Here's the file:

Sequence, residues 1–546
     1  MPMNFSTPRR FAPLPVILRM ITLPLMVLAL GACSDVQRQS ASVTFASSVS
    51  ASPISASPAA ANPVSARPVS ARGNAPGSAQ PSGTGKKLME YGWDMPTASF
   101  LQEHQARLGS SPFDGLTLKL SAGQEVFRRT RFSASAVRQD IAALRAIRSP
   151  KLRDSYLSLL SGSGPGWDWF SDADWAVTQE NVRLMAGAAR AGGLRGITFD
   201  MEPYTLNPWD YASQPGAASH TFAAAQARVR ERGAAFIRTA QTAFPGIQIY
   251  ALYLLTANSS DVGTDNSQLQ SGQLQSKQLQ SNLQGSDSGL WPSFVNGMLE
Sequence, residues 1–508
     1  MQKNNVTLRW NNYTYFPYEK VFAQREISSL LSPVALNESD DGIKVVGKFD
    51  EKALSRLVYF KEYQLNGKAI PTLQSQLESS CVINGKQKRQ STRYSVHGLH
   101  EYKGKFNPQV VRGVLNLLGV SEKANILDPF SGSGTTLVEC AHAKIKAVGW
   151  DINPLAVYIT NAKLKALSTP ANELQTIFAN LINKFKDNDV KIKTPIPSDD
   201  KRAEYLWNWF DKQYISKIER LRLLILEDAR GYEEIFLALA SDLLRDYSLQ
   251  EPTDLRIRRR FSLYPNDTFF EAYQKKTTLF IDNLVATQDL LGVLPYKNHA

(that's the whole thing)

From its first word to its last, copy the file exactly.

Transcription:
Sequence, residues 1–546
     1  MPMNFSTPRR FAPLPVILRM ITLPLMVLAL GACSDVQRQS ASVTFASSVS
    51  ASPISASPAA ANPVSARPVS ARGNAPGSAQ PSGTGKKLME YGWDMPTASF
   101  LQEHQARLGS SPFDGLTLKL SAGQEVFRRT RFSASAVRQD IAALRAIRSP
   151  KLRDSYLSLL SGSGPGWDWF SDADWAVTQE NVRLMAGAAR AGGLRGITFD
   201  MEPYTLNPWD YASQPGAASH TFAAAQARVR ERGAAFIRTA QTAFPGIQIY
   251  ALYLLTANSS DVGTDNSQLQ SGQLQSKQLQ SNLQGSDSGL WPSFVNGMLE
Sequence, residues 1–508
     1  MQKNNVTLRW NNYTYFPYEK VFAQREISSL LSPVALNESD DGIKVVGKFD
    51  EKALSRLVYF KEYQLNGKAI PTLQSQLESS CVINGKQKRQ STRYSVHGLH
   101  EYKGKFNPQV VRGVLNLLGV SEKANILDPF SGSGTTLVEC AHAKIKAVGW
   151  DINPLAVYIT NAKLKALSTP ANELQTIFAN LINKFKDNDV KIKTPIPSDD
   201  KRAEYLWNWF DKQYISKIER LRLLILEDAR GYEEIFLALA SDLLRDYSLQ
   251  EPTDLRIRRR FSLYPNDTFF EAYQKKTTLF IDNLVATQDL LGVLPYKNHA